There are four refugee camps in Jordan: Za’atari, Cyber City, Emirates-Jordan Camp, and King Abdullah Park. Since the start of the Syrian conflict, Jordan has received over half a million Syrians, approximately 20% of whom are residing in refugee camps, the majority of which are in Za’atari refugee camp.
REACH camp assessments focus on collecting key humanitarian indicators related to food security, shelter, non-food items, education, health, protection, water hygiene and sanitation (WASH) in order to capture a comprehensive picture of the conditions, priority needs and information gaps in each particular camp context in Jordan. In partnership with UNHCR and UNICEF, REACH conducts regular thematic, demographic and infrastructure assessments in refugee camps. Data are collected to include the point of view of women, men, boys and girls. Findings are analysed and disseminated through reports and mapping products. Examples of assessments conducted to date include: population profiling; assessments of key infrastructure; WASH, food security and other thematic assessments.
REACH has developed context-specific tools for assessments in camps, as well as a dedicated Camp Profile template which is used to regularly disseminate findings from camp assessments with all aid actors engaged in the operational response to the needs of Syrian refugees in Jordan. You can find REACH assessment tools and templates through the Advanced Search.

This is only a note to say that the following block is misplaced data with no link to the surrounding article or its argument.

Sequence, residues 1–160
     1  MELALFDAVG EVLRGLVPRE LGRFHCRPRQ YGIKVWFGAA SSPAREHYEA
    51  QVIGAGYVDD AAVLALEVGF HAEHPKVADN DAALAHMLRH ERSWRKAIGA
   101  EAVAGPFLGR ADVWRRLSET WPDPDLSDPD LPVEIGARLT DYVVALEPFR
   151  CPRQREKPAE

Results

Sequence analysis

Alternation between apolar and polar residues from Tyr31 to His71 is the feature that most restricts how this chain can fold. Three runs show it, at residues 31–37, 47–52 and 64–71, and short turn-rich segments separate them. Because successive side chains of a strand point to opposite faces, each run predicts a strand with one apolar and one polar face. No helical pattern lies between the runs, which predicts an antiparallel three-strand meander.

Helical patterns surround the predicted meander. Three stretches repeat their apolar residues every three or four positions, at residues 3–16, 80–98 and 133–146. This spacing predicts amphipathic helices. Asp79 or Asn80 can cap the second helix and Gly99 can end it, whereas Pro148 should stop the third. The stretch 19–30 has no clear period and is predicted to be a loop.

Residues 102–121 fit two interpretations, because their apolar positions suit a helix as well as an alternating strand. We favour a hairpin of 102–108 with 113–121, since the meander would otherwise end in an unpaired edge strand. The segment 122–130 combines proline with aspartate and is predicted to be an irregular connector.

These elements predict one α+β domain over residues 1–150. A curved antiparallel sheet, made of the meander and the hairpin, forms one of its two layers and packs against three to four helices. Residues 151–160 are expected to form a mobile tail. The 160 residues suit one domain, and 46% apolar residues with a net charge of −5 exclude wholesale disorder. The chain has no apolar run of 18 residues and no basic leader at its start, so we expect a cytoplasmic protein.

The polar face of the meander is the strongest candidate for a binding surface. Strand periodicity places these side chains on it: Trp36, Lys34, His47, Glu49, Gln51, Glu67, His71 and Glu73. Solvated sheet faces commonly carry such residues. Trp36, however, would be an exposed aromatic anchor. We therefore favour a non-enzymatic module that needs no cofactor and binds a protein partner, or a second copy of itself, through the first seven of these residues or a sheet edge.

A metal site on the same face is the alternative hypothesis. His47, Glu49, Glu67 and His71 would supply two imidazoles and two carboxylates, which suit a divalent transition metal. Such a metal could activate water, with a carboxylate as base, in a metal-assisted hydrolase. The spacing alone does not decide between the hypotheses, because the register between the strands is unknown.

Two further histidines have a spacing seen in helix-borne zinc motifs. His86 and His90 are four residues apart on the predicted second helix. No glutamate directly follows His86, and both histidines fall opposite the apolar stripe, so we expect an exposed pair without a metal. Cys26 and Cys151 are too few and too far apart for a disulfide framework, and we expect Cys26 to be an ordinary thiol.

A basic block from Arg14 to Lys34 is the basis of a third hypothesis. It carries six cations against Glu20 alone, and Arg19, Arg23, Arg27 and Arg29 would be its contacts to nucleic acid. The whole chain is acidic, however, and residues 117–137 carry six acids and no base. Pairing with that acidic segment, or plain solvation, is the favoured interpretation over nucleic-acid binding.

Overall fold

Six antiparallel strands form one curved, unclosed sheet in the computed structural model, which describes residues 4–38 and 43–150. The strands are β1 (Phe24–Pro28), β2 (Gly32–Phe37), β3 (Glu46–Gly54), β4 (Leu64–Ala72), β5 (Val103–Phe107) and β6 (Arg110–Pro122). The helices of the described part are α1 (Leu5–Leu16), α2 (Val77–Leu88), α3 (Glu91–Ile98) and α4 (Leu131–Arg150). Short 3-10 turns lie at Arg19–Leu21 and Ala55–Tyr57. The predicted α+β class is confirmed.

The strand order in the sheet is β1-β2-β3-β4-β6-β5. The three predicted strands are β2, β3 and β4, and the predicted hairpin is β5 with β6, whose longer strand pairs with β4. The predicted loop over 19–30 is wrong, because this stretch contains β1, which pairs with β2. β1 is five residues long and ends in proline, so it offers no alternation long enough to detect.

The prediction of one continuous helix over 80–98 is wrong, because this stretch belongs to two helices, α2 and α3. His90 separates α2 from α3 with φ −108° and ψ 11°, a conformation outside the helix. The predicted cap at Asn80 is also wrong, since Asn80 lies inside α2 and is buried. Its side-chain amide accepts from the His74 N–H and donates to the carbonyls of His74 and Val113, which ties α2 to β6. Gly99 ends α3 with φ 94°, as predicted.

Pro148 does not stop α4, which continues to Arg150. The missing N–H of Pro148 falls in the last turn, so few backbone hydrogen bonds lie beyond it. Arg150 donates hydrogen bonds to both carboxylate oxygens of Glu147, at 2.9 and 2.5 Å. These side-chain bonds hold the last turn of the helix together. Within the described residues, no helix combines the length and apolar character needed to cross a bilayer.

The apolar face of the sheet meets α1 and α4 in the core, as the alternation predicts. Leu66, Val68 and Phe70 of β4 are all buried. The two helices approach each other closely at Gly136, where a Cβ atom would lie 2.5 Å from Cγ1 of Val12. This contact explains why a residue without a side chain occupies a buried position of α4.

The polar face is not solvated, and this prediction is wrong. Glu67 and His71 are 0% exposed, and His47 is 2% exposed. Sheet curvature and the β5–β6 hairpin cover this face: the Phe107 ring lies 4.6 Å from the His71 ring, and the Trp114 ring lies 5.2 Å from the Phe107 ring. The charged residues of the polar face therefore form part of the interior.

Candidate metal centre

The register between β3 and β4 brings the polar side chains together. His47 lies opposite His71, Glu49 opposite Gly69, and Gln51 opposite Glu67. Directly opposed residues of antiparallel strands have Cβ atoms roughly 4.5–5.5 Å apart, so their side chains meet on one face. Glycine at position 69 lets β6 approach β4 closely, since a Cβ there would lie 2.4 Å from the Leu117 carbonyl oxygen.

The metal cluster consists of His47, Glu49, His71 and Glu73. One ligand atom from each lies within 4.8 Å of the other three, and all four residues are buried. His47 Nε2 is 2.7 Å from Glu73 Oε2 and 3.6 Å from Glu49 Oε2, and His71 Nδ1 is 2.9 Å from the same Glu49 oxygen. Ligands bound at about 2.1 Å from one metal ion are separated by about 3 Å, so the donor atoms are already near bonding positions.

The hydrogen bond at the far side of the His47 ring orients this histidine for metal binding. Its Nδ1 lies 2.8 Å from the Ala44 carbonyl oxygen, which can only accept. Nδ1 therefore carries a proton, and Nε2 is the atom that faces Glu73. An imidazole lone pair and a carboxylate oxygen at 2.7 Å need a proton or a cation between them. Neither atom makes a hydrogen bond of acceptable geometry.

Za’atari Refugee Camp
Za’atari Camp is located in the northern Mafraq Governorate and is the most heavily populated refugee camp in Jordan since it opened in July 2012. The camp quickly grew from a modest refugee settlement (with approximately only 10,000 – 20,000 refugees in September 2012) to a population of almost 120,000 in May 2013 spread across 12 camp district. The camp is now standing at 82,000 persons (according to REACH data collected in April 2014).
REACH leads information management efforts in Za’atari refugee camp with a focus on collecting baseline information on camp facilities and localization of services; shelter density; refugee population profile, as well as sector-specific information related to education, food security, health, protection, water, hygiene and sanitation, and any other information requested by camp actors and coordination mechanisms. Additionally, REACH is also establishing a geo-referenced addressing system in Za’atari camp. The addressing system will facilitate the targeting and traceability of humanitarian aid.